"It was many and many a year ago, In a kingdom by the sea,

That a maiden there lived whom you may know By the name of Annabel Lee;

And this maiden she lived with no other thought Than to love and be loved by me.

I was a child and she was a child, In this kingdom by the sea, But we loved with a love that was more than love— I and my Annabel Lee—

With a love that the wingèd seraphs of Heaven Coveted her and me.

And this was the reason that, long ago, In this kingdom by the sea, A wind blew out of a cloud, chilling My beautiful Annabel Lee;

So that her highborn kinsmen came And bore her away from me,

To shut her up in a sepulchre In this kingdom by the sea.

The angels, not half so happy in Heaven, Went envying her and me— Yes!—that was the reason (as all men know, In this kingdom by the sea) That the wind came out of the cloud by night, Chilling and killing my Annabel Lee.

For the moon never beams, without bringing me dreams Of the beautiful Annabel Lee; And the stars never rise, but I feel the bright eyes Of the beautiful Annabel Lee;

And so, all the night-tide, I lie down by the side Of my darling—my darling—my life and my bride, In her sepulchre there by the sea—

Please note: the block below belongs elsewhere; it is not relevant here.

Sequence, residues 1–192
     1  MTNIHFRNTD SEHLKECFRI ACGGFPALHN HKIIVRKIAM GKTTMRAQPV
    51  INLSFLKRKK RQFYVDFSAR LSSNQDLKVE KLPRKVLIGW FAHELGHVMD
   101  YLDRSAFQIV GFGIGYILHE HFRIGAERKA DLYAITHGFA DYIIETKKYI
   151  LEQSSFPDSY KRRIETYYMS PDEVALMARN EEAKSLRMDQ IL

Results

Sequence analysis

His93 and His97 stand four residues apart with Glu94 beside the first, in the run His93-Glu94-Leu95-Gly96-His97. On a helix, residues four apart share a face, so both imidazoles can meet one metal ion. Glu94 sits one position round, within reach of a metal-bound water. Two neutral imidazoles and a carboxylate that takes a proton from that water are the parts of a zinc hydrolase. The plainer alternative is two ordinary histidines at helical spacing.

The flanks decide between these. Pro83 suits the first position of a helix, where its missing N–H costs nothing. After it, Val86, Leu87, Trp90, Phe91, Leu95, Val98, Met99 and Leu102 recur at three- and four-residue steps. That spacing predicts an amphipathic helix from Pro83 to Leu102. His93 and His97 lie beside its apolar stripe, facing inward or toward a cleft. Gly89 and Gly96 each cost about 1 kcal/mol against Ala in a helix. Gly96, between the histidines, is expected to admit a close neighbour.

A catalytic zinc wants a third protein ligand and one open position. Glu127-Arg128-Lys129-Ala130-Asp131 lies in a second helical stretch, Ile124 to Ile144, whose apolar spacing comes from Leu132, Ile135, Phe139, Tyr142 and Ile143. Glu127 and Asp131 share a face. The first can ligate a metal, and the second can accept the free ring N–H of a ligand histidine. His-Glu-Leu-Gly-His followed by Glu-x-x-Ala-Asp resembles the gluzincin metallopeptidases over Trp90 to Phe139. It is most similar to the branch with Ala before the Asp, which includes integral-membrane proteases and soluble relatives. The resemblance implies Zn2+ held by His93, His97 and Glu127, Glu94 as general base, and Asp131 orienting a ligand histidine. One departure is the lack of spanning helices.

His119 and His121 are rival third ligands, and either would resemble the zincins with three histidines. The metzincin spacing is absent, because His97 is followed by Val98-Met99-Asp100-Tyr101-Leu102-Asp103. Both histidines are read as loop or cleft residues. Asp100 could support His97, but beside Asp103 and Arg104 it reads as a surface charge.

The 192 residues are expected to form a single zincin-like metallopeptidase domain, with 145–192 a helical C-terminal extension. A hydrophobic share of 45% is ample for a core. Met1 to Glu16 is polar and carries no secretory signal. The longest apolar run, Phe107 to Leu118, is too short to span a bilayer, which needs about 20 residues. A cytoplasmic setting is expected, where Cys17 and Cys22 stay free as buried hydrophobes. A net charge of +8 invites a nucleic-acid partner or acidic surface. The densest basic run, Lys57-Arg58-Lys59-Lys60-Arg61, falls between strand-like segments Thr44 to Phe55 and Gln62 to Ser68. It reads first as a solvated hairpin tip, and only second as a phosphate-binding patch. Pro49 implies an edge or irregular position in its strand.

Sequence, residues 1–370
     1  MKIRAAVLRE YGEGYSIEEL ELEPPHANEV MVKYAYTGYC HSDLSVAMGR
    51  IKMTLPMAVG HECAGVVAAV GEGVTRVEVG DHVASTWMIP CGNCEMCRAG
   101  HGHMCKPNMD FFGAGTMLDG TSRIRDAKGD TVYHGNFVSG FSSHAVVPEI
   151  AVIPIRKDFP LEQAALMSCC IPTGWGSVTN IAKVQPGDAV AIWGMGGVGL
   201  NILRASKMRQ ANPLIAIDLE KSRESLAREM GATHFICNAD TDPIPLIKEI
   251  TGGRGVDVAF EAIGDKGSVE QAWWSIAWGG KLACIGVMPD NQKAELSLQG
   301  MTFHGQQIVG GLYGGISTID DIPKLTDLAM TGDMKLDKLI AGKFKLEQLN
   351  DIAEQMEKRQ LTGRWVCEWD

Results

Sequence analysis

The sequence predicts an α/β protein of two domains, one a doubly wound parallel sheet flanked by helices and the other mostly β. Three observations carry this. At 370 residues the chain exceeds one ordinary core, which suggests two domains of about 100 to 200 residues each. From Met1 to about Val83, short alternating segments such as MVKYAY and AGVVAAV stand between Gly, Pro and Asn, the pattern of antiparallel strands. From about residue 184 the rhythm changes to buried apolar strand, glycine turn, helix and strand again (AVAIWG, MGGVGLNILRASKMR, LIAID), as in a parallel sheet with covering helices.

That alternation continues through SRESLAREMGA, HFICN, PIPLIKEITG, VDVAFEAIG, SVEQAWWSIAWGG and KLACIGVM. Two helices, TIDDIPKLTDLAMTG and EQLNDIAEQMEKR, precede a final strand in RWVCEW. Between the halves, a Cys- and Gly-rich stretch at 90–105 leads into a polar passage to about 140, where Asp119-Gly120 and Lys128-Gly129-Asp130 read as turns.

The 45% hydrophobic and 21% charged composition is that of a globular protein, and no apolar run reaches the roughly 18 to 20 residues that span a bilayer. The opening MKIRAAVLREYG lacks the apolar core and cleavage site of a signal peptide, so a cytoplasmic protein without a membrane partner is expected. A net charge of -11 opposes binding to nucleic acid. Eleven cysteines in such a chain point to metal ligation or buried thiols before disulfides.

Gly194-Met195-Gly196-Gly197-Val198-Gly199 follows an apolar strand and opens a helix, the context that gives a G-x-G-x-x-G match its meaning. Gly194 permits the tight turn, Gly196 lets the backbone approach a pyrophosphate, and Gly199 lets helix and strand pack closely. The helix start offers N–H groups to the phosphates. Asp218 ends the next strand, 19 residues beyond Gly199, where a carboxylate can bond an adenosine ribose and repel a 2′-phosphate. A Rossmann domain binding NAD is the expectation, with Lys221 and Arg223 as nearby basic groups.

In her tomb by the sounding sea."



I live at the place where the forest falls into the sea, and the winter is not so much frigid as she is cruel. Her greyness is suffocating and her bitter wind bites at your face. Salt spray clings to your clothes as the tides crash against rocky shores. Her scent is salt brine, bull kelp and the bodies of animals that she has taken in her storms. The winter of the Pacific Northwest lets you know that she is to be feared. Edgar Allen Poe's last complete poem, "Annabel Lee", has long been a personal favorite. It's a sorrowful and tender story of a love so great, the angels in heaven coveted it and ripped it away. Annabel Lee is taken by a great wind, that comes "chilling and killing" her before she is locked away in her seaside tomb. It is a story that comes to me each and every winter I've lived in the Puget Sound. I love that this poem speaks to the places that our most cherished and painful memories abide. The places that we return to and remember what, and who, we have lost. We all have sacred places where we feel the presence of loved ones who are no longer locked into our linear time.

The ANNABEL LEE collection is inspired by the palette of the winter coast: kelp green, jade blue, bleary and blustery grey. You'll find natural materials from the sea - pearl and shell, salt and seaweed - and imagery inspired by the Victorian naturalist and maritime tradition.

Shop the collection HERE.

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